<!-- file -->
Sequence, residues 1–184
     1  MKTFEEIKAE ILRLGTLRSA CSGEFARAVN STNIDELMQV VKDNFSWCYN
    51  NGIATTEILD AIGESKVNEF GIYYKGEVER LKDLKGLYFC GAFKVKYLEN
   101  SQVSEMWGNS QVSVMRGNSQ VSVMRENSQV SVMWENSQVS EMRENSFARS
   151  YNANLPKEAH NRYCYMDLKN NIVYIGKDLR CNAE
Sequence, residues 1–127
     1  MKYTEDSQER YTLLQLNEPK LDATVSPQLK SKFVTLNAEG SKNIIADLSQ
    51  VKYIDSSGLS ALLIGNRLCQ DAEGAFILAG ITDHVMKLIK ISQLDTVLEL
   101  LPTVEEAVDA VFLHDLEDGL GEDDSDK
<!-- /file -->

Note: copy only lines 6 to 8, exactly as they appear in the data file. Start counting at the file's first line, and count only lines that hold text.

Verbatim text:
Sequence, residues 1–127
     1  MKYTEDSQER YTLLQLNEPK LDATVSPQLK SKFVTLNAEG SKNIIADLSQ
    51  VKYIDSSGLS ALLIGNRLCQ DAEGAFILAG ITDHVMKLIK ISQLDTVLEL